The Fairfax County School Board voted to approve expanding protections to transgender students and staff Thursday night at a rambunctious meeting that included chants, jeers and vocal opposition from hundreds of parents.

The School Board voted 10 to 1 with one abstention to add “gender identity” to its non-discrimination policy, two months after Virginia Attorney General Mark R. Herring (D) issued an opinion granting local school boards the authority to expand protections to transgender people.

The School Board voted in November to include sexual orientation in its non-discrimination policy after the Supreme Court let stand rulings that allow gay marriages in Virginia and other states.

“The decision by the Fairfax County School Board to add ‘gender identity’ to our nondiscrimination policy is to provide an environment which promotes equality where every student and employee is treated with dignity and respect,” board Chair Tammy Derenak Kaufax (Lee) said.

School Board members acknowledged that in the days before Thursday’s vote they had received thousands e-mails from parents and others in the community.

The auditorium at Luther Jackson Middle School was filled to capacity, with about 500 people in attendance. At times, the meeting was interrupted by vocal opposition from hundreds in the audience who chanted and booed.

Kaufax at one point hammered her gavel and threatened to clear the auditorium if audience members continued to interject. At least five Fairfax County police and school security officers were standing in the room during the meeting. Some in attendance stood to turn their backs on board members as they spoke in favor of the policy change.

School Board member Elizabeth Schultz, who voted against the measure, said the vote was about the privacy of the vast majority of students and staff in the school system.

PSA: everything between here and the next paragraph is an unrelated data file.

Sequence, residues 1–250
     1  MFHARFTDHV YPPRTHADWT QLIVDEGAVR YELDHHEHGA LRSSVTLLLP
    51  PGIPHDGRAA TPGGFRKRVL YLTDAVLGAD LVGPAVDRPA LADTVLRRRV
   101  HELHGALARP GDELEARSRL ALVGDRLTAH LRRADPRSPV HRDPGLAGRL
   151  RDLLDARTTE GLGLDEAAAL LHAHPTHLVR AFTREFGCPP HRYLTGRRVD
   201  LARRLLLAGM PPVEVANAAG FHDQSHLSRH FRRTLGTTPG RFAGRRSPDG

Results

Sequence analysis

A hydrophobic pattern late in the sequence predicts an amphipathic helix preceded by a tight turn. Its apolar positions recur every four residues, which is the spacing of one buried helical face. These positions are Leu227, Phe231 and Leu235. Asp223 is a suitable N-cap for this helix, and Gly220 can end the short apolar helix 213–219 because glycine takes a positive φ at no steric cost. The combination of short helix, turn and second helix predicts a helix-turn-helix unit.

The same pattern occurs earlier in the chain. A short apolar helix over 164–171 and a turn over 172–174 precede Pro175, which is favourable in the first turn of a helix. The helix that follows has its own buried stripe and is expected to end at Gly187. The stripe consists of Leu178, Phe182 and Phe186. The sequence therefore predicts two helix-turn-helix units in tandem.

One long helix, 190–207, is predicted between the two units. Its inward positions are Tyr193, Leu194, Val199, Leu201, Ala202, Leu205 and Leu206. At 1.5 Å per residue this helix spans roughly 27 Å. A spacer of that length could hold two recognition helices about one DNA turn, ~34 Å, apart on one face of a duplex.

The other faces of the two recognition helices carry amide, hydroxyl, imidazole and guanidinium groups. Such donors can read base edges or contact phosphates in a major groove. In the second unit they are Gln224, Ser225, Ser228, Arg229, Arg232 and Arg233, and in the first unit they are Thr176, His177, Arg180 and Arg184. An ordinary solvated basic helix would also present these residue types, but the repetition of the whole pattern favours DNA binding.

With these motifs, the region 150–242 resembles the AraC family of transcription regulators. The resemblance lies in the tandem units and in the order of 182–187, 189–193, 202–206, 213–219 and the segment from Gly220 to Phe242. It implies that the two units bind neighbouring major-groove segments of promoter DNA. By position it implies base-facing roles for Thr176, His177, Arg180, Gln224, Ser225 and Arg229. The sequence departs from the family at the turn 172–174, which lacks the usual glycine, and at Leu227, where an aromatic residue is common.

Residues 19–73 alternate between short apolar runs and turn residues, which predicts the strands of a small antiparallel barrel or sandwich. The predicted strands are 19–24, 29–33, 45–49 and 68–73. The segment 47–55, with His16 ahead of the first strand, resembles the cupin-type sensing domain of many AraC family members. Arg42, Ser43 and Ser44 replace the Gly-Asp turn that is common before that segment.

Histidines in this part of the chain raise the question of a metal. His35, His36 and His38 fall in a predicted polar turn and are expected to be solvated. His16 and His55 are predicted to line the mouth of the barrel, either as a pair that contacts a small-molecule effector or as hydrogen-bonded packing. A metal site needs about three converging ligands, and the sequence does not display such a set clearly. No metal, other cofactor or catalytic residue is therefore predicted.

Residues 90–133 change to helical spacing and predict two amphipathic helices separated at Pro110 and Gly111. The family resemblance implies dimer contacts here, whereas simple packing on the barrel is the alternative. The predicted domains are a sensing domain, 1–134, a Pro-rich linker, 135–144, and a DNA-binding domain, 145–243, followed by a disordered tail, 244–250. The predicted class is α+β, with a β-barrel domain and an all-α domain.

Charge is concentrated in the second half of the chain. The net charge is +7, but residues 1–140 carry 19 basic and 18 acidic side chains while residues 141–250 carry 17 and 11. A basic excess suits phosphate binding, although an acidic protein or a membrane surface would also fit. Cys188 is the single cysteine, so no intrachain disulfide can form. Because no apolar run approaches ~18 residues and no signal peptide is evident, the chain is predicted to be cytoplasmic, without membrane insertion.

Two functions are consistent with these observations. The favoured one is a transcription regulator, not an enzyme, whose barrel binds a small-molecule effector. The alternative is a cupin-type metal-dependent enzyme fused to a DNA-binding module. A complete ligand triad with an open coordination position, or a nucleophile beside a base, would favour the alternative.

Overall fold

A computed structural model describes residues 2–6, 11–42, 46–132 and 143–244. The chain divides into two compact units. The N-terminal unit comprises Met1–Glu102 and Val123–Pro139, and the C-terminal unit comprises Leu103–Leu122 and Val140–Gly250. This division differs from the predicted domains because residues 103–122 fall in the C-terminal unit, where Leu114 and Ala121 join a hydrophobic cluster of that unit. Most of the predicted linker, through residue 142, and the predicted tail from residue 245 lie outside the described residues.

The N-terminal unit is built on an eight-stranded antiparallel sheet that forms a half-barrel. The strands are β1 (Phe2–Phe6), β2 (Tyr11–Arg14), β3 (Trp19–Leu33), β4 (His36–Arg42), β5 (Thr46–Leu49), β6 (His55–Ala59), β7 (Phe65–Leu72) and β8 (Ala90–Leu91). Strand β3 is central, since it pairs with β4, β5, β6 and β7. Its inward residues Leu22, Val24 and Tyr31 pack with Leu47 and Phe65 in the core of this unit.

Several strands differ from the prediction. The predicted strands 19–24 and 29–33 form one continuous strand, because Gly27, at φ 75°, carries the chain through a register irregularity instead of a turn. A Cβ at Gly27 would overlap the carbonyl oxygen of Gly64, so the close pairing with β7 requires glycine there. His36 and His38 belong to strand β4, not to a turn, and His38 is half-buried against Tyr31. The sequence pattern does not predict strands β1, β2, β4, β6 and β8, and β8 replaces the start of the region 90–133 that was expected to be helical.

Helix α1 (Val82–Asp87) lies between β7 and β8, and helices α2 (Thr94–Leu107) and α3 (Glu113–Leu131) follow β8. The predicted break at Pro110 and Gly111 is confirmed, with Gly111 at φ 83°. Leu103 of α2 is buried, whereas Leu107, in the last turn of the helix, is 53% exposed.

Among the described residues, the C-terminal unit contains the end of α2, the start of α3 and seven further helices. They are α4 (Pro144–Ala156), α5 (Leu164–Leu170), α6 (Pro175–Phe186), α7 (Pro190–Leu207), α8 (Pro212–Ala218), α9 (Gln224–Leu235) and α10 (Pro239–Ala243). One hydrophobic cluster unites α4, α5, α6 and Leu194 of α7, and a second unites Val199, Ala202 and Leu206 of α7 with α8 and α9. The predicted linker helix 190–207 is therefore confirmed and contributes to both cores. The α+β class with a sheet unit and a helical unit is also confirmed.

“It is about the right of 99.7 percent of all students, all teachers and all employees to retain their right to privacy, safety and dignity,” said Schultz (Springfield). “Let’s change the policy to two words: ‘Don’t discriminate.’ ”

School Board member Patty Reed (Providence) noted that the vote to add gender identity to the policy seemed rushed.

Reed, who abstained from the vote, said that it took “10 years of study to institute later high school start times.”

Board member Ryan McElveen (At Large), who sponsored the motion to add protections for transgender students, described the effort as “the civil rights issue of our day.”

McElveen said that the updated policy would not immediately change bathroom or locker room rules and that transgender students and staff seeking accommodations would be dealt with on a case by case basis. Kaufax said in a statement that the school system planned to hire a consultant to address “developing appropriate regulations that protect the rights of all students and comply with state and federal law.”

McElveen said that “fear and distrust” had been sown into the community before Thursday’s vote, which he said was about showing “that we value all employees and students for who they are.”